As a country, we spend an unusually low percentage of our income on food–roughly 10 percent by many accounts. As food prices spike on one end and the sustainable movement pushes us to “greener” and more expensive foods, it will be interesting to see how all of that affects our spending habits. Here are Gary’s thoughts:
Anyone who has been to the grocery store recently knows that food prices are going up. And, our expectation is that this will continue. Recent news reports provided evidence to support that fact.
In an article from Reuters on ConAgra’s quarterly earnings,
“ConAgra said in June that profit growth for the current fiscal year would be below its long-term goal of 6 to 8 percent, due mostly to higher costs for everything from meat to packaging.
It warned at the time that first-quarter profit would be lower than a year earlier as price increases have not kept pace with accelerating inflation.
On Tuesday, the company said it expected commodity costs to rise 9 to 10 percent in its consumer foods segment this year, up from its previous forecast of a 7 to 8 percent increase.”
On the ConAgra website’s ‘about us’ page they describe their business this way:
“Our consumer foods are found in 97 percent of America’s households, and 25 of them are ranked first or second in their category.”
Why is that important? Because ConAgra is involved in food at all levels. If any company would be impacted by higher food prices it would be ConAgra. So it’s reasonable to assume that they have some of the best people looking at any scrap of information that could help them predict future prices. So when they say they expect 9 to 10% increase on their raw materials we’d be foolish to doubt their word. And, unless we assume that they’re dumb, we’d have to expect that they’ll raise their prices by a similar amount to protect their profit margins. That means 9 or 10% higher prices at the grocery store for you and I.
So what’s a poor consumer to do? Fortunately your hands are not tied. There are things that you can do besides watch your grocery bills increase each month for the next year. Let’s look at some tools you have at your disposal:
- Buy non-perishables ahead. If you don’t already have a pantry, now is the time to start one. If you know that you use something regularly and it has a reasonable shelf-life, why not stock up now? Having a 3 to 6 month supply of canned goods is a good idea. Look for sales and coupons to build up your supply.
- Plant a garden. You may not have a green thumb. I don’t. But just about anyone can plant a few things that they like and manage to grow them to maturity. If you’re unsure about how to start, ask a friend/co-worker who does garden for advice. Or visit the gardening section of the The Dollar Stretcher library.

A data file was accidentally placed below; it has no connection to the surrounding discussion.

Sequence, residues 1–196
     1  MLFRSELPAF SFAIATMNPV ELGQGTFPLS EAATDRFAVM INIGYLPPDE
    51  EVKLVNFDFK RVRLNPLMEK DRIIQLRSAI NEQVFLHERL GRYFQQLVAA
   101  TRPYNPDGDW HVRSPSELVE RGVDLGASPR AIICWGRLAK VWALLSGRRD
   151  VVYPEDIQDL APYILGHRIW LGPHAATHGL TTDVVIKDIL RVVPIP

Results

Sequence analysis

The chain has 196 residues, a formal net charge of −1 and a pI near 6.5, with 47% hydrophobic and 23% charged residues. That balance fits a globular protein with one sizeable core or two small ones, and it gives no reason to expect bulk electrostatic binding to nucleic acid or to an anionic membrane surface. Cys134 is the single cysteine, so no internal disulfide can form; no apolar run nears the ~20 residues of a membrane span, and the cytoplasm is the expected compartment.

- Learn to can fruits and veggies. Except in rural areas, canning has largely become a lost art. It’s time to find it again. Most fruits and veggies are less expensive when they’re ‘in season’ locally. In some cases, they’re very cheap. Everyone knows that you want to stock up when something is cheap. Home canning allows you to do that.
- Reduce the amount of meat in your diet and recipes. Meat is expensive. And, unless the price of corn and other animal feed goes down (which is highly unlikely), we can expect it to increase as much, if not more, than other food items. So now is a good time to find ways to reduce the amount of meat in recipes. Instead of one pound, try 3/4 pound. And, even if you’ve never considered a vegetarian lifestyle, now might be a good time to find a meatless recipe or two to add to your mix of regular meals.
- Learn to cook cheaper cuts of meat. A good cook can make wonderful meals from less expensive cuts of meat. Spend some time in forums asking questions and learning from more experienced cooks.
- Use a slow cooker. Not only will it help make cheaper cuts of meat more tender, it will also make it easier to have a warm meal waiting for you when you get home from work. That’s a twofer tool in my book.
- Make the grocery store work harder for you. When roasts are cheaper than ground meat, but the roast and ask the butcher to grind it for you. Or buy the roast, cook it and slice part of it for lunch meat. Nothing says that lunch meat has to come from the deli counter.
- Shop in unusual places – like bakery outlet stores and immigrant groceries. Outlet stores aren’t just for cheaper clothing. A quick stop at a bakery outlet store can provide savings in a variety of ways. Immigrant grocery stores can be a real eye-opener. Many immigrants have limited income. So they know how to feed a family for less. Not only will you save money, you’ll also discover new tastes that will seem like an adventure for your family.
- Learn to use leftovers. By some estimations, most families waste about 20% of the food that they buy. Much of that is from leftovers that go bad in the back of your fridge. A little planning can help you use those leftovers before they go bad and turn them into convenient dinner items or inexpensive lunches.
Most of us are in a battle to keep our expenses in line with our income. Overcoming a 10% increase in the cost of food will not be easy. But at least you’re not helpless. There are steps that you can take to minimize or even reverse the damage.
Wojo’s note: We’re always trying to cut down our grocery budget, one of the largest and most variable budget categories we have. How is your family dealing with the recent price increases and getting ready for the ones down the road?